Driving Smart Video: For Earth Day, Save the Planet and Some Cash

With gas prices hitting record lows in recent years and Americans eschewing fuel-efficient cars for gas-guzzling SUVs, our current cultural climate seems less concerned with the actual climate. But even if conservation isn't as fashionable right now, conserving what's in your wallet is always en vogue.

Related: 2018 Hyundai Ioniq Plug-In Hybrid: Real-World Fuel Economy

In honor of celebrating Earth Day on April 22, here are five ways to save a little money while also helping save the planet every day:

1.  Bag those plastic grocery bags in favor of reusable canvas shopping bags, which can be stashed in your vehicle for trips to the supermarket without taking up much space. Cities like New York, Chicago, Los Angeles, Seattle, Washington, D.C., Austin, Texas, and Portland, Maine, have laws either banning plastic bags or charging up to 10 cents each at checkout for environmental preservation.

2. Like the name of this segment ... drive smart. To improve fuel economy, remove unnecessary items from your car that add weight; avoid flooring the accelerator at starts and maintain lower highway speeds; keep your tires properly inflated; and go easy on the air conditioning.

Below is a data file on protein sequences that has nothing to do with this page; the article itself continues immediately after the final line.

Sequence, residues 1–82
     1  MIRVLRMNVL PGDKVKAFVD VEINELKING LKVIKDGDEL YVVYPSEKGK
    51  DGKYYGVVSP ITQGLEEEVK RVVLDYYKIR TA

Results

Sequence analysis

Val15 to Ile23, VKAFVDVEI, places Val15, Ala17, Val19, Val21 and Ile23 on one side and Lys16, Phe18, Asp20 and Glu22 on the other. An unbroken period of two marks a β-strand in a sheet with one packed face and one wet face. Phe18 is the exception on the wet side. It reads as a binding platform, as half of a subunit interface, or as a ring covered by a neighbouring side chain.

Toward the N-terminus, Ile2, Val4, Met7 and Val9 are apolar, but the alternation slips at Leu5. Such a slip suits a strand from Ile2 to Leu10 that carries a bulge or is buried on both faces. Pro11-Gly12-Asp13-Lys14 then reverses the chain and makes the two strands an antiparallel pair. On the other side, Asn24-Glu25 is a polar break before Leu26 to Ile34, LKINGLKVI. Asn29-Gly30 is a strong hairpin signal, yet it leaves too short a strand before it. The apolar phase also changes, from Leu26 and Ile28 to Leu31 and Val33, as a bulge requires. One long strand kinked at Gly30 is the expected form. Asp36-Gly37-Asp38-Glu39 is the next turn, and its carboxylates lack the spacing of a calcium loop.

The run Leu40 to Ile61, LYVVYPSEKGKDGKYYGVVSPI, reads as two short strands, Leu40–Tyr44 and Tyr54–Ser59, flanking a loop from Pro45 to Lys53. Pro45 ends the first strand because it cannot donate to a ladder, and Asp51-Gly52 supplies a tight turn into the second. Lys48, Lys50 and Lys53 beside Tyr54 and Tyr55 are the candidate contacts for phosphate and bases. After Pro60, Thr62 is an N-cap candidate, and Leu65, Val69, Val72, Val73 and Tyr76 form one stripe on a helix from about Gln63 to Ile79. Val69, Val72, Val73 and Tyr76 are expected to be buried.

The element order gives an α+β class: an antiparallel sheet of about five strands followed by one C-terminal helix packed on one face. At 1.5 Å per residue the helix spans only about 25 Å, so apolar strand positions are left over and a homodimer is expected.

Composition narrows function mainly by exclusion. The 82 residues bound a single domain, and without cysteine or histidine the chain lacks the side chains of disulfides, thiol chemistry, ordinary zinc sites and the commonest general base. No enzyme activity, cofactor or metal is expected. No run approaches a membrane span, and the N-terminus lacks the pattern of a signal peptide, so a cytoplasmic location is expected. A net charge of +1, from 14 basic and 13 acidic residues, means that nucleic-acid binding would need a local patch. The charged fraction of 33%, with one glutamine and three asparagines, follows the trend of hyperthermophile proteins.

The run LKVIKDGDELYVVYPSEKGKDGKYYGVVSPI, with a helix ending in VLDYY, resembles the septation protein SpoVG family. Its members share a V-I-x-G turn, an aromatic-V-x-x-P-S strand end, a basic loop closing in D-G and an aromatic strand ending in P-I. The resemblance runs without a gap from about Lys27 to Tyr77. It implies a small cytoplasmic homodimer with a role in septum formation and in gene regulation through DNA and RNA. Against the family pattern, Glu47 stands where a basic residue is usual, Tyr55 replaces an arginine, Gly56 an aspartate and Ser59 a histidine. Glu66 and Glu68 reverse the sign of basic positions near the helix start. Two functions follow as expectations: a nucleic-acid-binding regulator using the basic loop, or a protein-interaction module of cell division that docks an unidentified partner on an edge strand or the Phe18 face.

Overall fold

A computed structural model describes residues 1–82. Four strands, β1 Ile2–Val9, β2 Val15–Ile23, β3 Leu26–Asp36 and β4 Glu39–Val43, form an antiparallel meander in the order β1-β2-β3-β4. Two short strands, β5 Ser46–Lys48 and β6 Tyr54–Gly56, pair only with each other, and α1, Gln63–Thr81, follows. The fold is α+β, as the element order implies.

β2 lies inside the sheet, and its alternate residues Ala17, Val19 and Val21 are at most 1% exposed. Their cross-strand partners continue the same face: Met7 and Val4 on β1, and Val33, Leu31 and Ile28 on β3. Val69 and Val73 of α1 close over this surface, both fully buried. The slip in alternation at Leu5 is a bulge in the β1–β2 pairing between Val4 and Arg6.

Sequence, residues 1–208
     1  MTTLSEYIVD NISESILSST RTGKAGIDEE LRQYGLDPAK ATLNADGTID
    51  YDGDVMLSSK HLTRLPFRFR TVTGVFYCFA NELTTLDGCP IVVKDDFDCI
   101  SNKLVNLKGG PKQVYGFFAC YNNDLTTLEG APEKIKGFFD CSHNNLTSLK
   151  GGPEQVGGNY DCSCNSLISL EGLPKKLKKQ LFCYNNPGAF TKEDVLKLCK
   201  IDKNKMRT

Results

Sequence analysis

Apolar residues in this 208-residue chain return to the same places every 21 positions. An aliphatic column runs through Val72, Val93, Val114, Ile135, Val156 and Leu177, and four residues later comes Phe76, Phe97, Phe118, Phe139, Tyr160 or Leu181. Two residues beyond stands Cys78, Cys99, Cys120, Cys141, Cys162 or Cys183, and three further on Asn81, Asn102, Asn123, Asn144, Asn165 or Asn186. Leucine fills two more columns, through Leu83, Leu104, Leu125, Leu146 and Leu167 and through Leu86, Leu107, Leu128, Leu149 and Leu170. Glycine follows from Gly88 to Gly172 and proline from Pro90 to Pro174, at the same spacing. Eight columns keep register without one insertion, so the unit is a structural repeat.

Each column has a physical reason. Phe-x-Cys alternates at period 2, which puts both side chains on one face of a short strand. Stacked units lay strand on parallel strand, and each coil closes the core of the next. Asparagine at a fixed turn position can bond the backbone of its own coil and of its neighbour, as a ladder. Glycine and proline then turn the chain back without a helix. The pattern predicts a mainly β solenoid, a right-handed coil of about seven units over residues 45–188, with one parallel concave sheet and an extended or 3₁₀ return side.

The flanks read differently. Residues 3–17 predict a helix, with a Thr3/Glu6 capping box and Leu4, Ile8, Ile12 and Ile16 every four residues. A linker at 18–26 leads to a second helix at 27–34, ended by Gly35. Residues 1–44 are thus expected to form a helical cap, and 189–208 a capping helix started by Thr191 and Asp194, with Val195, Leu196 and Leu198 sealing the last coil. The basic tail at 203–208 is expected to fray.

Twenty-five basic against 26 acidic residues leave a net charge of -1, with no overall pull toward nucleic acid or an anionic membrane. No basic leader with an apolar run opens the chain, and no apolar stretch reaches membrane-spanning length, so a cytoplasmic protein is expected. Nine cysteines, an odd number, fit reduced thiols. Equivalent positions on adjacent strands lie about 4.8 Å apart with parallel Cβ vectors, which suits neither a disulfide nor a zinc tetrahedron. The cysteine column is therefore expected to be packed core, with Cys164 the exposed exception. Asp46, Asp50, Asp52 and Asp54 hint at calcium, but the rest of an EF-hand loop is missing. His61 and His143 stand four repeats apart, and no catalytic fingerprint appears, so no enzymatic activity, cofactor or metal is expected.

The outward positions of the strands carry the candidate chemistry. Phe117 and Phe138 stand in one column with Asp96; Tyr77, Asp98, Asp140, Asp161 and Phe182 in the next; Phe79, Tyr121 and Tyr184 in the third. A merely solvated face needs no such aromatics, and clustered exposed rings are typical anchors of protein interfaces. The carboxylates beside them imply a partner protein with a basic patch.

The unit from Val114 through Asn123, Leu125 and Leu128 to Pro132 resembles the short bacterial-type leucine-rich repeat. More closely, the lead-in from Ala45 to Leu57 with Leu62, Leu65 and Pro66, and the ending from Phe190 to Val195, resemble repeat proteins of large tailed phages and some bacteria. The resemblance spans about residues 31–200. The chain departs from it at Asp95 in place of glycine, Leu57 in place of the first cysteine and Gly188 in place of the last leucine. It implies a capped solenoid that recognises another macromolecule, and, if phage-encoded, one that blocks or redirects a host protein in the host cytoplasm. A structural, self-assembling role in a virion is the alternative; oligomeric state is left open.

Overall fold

3. Go electric. A pricey Tesla is no longer your lone long-range electric option; affordable models like the Volkswagen e-Golf, Hyundai Ioniq and Nissan Leaf get around 125 to 150 miles on a charge, while the Chevrolet Bolt EV goes a Tesla-rivaling 238 miles. In addition to a green driving experience and savings at the pump, consider that sweet federal tax credit of up to $7,500.

4. Pool resources. Thanks to modern technology, carpooling is easier than ever. Not only will you reduce your carbon footprint, but you'll help reduce congestion on the very route you drive on. Everybody in the community wins.

5. Practice conservative car washing. It seems counterintuitive, but high-pressure commercial machine washes only use around 45 gallons of water per wash, roughly equal to a load of laundry, while a garden-hose job in your driveway might use 100 gallons - while sending pollutants into your storm drains versus the treated, re-circulated water at the commercial wash.

You keep your conscience clear ... and your car clean.

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